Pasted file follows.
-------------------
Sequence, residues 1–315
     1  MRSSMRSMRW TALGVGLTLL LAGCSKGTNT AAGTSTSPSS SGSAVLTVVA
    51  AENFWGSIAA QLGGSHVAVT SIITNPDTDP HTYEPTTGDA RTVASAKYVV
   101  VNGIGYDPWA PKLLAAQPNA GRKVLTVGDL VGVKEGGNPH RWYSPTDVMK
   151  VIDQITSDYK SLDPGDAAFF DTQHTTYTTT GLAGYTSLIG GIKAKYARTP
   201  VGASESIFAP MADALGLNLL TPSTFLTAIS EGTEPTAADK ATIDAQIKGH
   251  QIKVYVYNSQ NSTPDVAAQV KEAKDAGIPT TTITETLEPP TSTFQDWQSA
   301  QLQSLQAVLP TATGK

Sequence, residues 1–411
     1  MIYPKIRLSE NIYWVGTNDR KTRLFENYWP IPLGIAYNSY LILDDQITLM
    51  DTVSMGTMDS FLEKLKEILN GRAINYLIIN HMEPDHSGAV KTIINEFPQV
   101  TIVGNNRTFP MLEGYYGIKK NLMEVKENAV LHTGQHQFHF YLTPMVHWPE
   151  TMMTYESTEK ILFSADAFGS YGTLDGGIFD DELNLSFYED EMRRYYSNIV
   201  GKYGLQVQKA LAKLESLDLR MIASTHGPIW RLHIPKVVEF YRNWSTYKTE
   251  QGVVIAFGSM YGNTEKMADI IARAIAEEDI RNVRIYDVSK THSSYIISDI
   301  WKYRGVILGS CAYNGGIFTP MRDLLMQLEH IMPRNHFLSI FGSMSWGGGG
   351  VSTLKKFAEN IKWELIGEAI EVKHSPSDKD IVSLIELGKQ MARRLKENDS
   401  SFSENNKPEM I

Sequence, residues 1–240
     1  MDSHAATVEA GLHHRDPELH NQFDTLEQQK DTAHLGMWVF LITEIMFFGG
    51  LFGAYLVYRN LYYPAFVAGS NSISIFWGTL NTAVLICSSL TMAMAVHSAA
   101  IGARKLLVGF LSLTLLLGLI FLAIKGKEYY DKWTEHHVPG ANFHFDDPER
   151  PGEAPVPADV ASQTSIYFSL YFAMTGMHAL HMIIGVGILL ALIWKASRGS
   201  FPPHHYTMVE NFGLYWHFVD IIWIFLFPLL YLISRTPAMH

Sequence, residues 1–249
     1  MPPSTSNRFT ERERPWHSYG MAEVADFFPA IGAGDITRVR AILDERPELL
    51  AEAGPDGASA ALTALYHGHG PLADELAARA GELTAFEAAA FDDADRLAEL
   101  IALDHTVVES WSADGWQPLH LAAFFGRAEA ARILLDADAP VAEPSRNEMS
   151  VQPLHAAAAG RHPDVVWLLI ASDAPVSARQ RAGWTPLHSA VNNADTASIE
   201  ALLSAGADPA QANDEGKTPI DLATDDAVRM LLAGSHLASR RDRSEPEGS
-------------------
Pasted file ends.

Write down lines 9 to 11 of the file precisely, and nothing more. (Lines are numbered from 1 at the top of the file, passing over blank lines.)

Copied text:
Sequence, residues 1–411
     1  MIYPKIRLSE NIYWVGTNDR KTRLFENYWP IPLGIAYNSY LILDDQITLM
    51  DTVSMGTMDS FLEKLKEILN GRAINYLIIN HMEPDHSGAV KTIINEFPQV